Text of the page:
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J Clin Endocrinol Metab. 2008 Oct;93(10):3741-7. doi: 10.1210/jc.2008-0496. Epub 2008 Aug 5.

Salivary cortisol is related to atherosclerosis of carotid arteries.

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Department of Epidemiology, Biostatistics, Erasmus Medical Center, 3000 CA Rotterdam, The Netherlands.



Dysregulation of the hypothalamic-pituitary-adrenal axis has been suggested as an independent risk factor for ischemic heart disease. The aim of our study was to evaluate whether two markers of the hypothalamic-pituitary-adrenal axis activity, the level of salivary cortisol and the diurnal salivary cortisol pattern, are associated with atherosclerosis of the carotid arteries in an elderly population.


A total of 1866 participants of the Rotterdam Study, a population-based cohort study in the elderly, provided four salivary cortisol samples throughout 1 d, and underwent ultrasonography to examine the presence of plaques in the common, internal, and bifurcation sites of both carotid arteries. Two summary measures of the separate cortisol values were computed: area under the curve (AUC), which is a measure of total cortisol exposure while awake; and the slope, which is a measure of diurnal cortisol decline.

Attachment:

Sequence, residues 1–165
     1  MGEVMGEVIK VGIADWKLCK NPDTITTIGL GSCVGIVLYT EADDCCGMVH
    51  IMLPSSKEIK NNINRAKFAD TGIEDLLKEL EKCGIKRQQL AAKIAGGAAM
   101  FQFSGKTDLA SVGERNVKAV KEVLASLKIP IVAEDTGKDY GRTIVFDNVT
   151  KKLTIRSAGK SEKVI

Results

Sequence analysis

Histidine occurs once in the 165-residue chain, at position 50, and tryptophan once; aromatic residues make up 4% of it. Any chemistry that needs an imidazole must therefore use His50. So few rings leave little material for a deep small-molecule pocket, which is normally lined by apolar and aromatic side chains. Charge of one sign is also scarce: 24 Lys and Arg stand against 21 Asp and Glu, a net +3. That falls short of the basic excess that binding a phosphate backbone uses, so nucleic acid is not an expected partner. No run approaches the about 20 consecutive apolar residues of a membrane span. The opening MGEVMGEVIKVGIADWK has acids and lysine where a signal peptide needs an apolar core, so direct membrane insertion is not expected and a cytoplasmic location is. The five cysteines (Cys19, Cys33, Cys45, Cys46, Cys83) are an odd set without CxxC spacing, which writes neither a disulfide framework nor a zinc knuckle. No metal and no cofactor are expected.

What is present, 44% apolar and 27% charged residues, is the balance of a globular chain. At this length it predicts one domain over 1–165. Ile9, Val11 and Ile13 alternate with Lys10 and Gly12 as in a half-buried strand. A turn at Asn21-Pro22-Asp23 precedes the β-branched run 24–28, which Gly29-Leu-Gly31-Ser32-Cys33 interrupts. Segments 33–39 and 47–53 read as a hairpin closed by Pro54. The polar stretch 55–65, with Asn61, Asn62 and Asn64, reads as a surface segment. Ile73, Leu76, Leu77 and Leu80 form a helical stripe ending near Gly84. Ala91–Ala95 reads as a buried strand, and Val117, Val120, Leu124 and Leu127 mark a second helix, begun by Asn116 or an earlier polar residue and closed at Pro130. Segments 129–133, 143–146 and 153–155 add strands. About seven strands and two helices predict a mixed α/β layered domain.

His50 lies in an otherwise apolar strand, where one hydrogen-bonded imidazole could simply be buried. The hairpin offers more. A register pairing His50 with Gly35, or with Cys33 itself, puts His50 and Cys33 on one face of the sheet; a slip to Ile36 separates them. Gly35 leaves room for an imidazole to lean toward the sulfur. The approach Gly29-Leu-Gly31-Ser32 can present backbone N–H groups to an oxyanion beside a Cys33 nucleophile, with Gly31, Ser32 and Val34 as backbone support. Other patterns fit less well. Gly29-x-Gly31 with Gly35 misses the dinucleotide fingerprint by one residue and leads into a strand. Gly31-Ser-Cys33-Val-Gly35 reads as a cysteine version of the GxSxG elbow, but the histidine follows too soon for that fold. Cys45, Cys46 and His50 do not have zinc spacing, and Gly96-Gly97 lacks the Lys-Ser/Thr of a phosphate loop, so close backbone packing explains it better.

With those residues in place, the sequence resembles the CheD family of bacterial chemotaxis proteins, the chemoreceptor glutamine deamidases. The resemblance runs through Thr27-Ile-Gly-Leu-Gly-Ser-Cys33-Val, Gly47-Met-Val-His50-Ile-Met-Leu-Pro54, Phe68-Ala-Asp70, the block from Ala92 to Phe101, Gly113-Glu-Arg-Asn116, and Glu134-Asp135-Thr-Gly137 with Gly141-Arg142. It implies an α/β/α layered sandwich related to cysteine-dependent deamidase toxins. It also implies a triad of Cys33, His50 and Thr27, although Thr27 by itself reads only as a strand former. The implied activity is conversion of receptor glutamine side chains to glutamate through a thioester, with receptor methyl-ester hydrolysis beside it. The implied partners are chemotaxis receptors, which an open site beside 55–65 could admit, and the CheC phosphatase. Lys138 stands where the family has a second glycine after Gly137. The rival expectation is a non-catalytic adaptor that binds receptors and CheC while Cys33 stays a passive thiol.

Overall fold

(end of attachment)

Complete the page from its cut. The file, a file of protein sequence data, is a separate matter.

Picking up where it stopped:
Total cortisol exposure while awake (AUC) was associated with higher plaque scores (beta = 0.08 per sd of AUC, 95% confidence interval 0.00-0.16; P = 0.04) in a fully adjusted linear regression model. Persons with an AUC in the highest tertile had a higher number of plaques of carotid arteries compared with those in the lowest tertile (3.08 vs. 2.80, 95% confidence interval of difference 0.09-0.48; P = 0.005). There was no relation between diurnal cortisol decline and plaque score.


Our results support the hypothesis that increased total cortisol exposure is independently associated with atherosclerosis of the carotid arteries.

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